CK: What are your favourite »What #isamuseum?« answers?
CC: It is very difficult to choose because there were so many different types of responses. Here are a few that come to mind:

CK: Which discussions does the project encourage inside/outside the museum?
CC: The impetus for the project emerged from Durant’s curiosity about how and why we use our social institutions. You can see this line of inquiry threaded through his work. For »What #isamuseum?«, the institution of focus was well the museum. He wanted to stimulate thinking about the nature and functions of museums and to make the act of going to a museum a more conscious one.

During the planning phase, Durant brought in several quotes as a springboard for framing the project, including:

»The sophistication required to promote a particular interpretation of the world is potentially also available to question that interpretation and to offer other versions…. It was never easy for museums to preserve or regain a degree of maneuverability and intellectual integrity. It takes stealth, intelligence, determination—and some luck. But a democratic society demands nothing less than that.«
Hans Haacke, Museums, Managers of Consciousness

»Museums are tombs, and it looks like everything is turning into a museum.«
Robert Smithson, Some Void Thoughts on Museums

»...there’s a tendency to try to liven things up in the museums, and the whole idea of the museum seems to be tending toward a kind of specialized entertainment. It’s taking more and more of the aspects of a discotheque and less and less the aspects of art. So, I think the best thing you can say about museums is that they really are nullifying in terms of action, and I think that is one of their one of their major virtues.«
Robert Smithson in What is a Museum? A Dialogue Between Allan Kaprow and Robert Smithson

»‘Life’ in the museum is like making love in the cemetery.«
Allan Kaprow in What is a Museum? A Dialogue Between Allan Kaprow and Robert Smithson

»The Museum is a School, the Artist Learns to Communicate, the Public Learns to Make Connections«
Luis Camnitzer

As Durant asserts, »The questions have come out of my ongoing and longstanding research into the social function of museums and cultural institutions. In reading a range of material, from artists to sociologists, multiple understandings and definitions of museums have emerged. The questions in my project for the Getty are in direct reference to these differing and conflicting ideas.«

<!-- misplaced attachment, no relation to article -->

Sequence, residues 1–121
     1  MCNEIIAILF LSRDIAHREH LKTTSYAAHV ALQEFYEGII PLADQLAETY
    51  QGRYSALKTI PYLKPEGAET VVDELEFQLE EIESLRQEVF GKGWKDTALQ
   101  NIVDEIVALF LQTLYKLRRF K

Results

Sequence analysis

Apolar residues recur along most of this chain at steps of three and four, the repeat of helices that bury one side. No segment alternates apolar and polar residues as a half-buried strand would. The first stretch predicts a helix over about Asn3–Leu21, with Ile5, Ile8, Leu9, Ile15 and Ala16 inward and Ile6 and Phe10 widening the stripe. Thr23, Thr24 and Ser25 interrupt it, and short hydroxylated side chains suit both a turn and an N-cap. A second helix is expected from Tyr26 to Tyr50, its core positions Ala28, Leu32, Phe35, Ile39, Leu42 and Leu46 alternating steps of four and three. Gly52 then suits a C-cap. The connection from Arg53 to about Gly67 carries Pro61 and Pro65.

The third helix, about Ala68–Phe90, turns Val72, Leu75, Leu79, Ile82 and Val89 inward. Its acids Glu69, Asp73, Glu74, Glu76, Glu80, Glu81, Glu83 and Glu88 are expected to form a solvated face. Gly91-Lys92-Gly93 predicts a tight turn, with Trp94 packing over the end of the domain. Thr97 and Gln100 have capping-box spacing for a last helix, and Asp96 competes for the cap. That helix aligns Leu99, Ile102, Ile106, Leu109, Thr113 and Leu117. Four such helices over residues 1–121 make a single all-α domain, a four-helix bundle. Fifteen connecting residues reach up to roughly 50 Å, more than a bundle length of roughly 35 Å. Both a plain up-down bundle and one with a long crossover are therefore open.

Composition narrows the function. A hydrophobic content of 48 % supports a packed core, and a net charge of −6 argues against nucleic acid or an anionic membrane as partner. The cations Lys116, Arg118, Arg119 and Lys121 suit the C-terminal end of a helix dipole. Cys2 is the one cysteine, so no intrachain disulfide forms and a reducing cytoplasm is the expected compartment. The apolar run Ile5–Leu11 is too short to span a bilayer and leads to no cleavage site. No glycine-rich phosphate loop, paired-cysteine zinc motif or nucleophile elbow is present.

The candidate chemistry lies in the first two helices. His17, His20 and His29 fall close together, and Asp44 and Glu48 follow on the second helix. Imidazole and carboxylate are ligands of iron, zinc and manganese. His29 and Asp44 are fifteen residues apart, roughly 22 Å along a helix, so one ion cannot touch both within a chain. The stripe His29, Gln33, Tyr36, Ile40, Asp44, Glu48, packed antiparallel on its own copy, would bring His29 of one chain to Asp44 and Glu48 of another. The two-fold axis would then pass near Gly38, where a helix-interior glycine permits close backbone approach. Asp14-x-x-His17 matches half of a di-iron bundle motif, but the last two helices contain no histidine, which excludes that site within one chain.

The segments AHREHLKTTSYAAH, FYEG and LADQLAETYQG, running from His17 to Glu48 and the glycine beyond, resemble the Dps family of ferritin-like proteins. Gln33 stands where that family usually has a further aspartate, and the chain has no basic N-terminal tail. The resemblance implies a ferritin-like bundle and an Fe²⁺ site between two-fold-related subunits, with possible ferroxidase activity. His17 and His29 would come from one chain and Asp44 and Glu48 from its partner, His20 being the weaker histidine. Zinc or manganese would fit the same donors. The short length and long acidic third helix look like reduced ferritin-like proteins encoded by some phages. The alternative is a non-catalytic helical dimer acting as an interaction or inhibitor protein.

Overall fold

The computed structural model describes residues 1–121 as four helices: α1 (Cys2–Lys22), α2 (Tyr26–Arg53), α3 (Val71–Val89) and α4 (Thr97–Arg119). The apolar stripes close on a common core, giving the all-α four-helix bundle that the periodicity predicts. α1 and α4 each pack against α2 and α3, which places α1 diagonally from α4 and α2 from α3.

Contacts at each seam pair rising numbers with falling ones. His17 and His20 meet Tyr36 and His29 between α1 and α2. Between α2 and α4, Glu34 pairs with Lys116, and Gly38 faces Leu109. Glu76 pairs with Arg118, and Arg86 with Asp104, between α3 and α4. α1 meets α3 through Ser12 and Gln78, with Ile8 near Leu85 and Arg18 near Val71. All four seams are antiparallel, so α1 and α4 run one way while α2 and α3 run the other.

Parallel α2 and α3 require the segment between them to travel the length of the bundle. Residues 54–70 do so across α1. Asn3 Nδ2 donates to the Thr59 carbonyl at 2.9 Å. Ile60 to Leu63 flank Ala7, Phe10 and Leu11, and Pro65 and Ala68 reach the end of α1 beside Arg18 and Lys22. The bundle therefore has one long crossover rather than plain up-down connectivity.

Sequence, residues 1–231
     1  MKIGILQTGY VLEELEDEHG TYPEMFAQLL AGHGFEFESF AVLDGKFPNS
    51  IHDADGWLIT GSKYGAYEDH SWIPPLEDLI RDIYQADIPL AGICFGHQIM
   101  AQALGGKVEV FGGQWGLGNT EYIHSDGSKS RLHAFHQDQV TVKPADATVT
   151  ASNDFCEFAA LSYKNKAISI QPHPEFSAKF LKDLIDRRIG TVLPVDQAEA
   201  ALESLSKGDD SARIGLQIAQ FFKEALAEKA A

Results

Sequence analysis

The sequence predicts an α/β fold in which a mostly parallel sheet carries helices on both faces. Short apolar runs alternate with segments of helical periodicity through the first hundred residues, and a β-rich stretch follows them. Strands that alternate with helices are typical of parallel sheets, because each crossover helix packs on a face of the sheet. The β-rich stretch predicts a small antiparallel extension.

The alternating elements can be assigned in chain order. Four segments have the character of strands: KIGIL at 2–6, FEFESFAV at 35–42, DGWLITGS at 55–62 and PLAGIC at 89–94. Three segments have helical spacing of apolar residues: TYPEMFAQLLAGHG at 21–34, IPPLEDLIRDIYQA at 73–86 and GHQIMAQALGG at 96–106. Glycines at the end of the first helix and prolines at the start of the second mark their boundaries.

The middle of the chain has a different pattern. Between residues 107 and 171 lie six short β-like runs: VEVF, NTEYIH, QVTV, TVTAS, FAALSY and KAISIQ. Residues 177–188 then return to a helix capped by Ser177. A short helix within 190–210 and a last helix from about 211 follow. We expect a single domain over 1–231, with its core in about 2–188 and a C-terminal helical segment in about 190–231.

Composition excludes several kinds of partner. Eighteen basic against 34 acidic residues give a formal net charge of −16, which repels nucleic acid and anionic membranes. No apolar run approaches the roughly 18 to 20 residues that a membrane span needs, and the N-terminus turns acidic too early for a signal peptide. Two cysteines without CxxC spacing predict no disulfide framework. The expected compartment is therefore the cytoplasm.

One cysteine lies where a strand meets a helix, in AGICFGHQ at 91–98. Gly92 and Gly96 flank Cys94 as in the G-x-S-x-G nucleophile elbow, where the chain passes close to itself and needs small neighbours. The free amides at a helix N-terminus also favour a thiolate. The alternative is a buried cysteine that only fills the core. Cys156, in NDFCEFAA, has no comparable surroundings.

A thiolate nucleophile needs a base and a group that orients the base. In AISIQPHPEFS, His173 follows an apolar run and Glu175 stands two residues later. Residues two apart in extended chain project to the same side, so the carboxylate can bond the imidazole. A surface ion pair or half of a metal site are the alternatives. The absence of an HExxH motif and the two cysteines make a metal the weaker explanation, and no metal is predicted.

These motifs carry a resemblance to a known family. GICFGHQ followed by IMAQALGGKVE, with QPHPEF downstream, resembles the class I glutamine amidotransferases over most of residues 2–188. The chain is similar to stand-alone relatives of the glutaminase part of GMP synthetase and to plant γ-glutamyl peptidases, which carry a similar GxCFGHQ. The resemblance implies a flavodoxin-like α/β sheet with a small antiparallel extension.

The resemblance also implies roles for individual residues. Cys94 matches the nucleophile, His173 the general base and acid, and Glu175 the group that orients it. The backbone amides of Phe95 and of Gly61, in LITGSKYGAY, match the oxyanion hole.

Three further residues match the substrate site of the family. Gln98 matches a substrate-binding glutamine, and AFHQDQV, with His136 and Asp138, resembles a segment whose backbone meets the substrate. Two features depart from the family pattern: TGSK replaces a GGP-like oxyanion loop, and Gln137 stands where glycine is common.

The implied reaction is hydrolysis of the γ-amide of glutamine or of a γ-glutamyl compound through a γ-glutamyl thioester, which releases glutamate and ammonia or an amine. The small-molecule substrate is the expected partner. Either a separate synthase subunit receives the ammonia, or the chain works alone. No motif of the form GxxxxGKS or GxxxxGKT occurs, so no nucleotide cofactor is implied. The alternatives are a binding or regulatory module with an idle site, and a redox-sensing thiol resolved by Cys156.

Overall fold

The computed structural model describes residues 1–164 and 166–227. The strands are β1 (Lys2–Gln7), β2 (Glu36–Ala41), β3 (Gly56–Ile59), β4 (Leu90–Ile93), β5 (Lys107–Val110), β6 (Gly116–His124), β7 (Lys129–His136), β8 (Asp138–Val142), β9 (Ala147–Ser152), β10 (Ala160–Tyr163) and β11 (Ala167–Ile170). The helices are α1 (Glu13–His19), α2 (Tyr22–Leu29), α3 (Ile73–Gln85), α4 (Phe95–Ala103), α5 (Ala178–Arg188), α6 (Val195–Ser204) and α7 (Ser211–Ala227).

As an inquiry-based project, »What #isamuseum?« also generated internal discussions around the roles and responsibilities involved in asking public questions. What obligations and opportunities do we have to support, express, and engage not only the responses generated but also the very act of responding? Much of the web design and social media efforts grew out of those early discussions. For Durant, a self-described »late-adopter« of social media, the project proved to be an incubator for exploring various means of public engagement.

Publically, anyone who visited the Getty or could access a twitter account or an internet connection could join in the rather motley, organic conversation about museums. »Is a museum for everyone?« and »Is a museum a school?« were among the most popular questions from the project, generating a great deal of discussion around issues of accessibility and learning. 

The project inspired further dialogue through user-generated blogs, tweets, etc. as well as the Getty's first Google+ Art Talk which explores the functions of museums and artists' roles in museums.

See here:

CK: Why does the Getty Museum invite artists to realize projects in the educational context of a museum?
CP: As educators we have the opportunity to develop numerous programs within the museum context, but there is a danger of becoming singular in voice, perspective, and approach. These collaborations provide an opportunity for the artist and museum to try something new—to undertake projects that neither may have attempted in isolation—often resulting in new strategies for engagement and inquiry for the artist, institution, and visitor alike.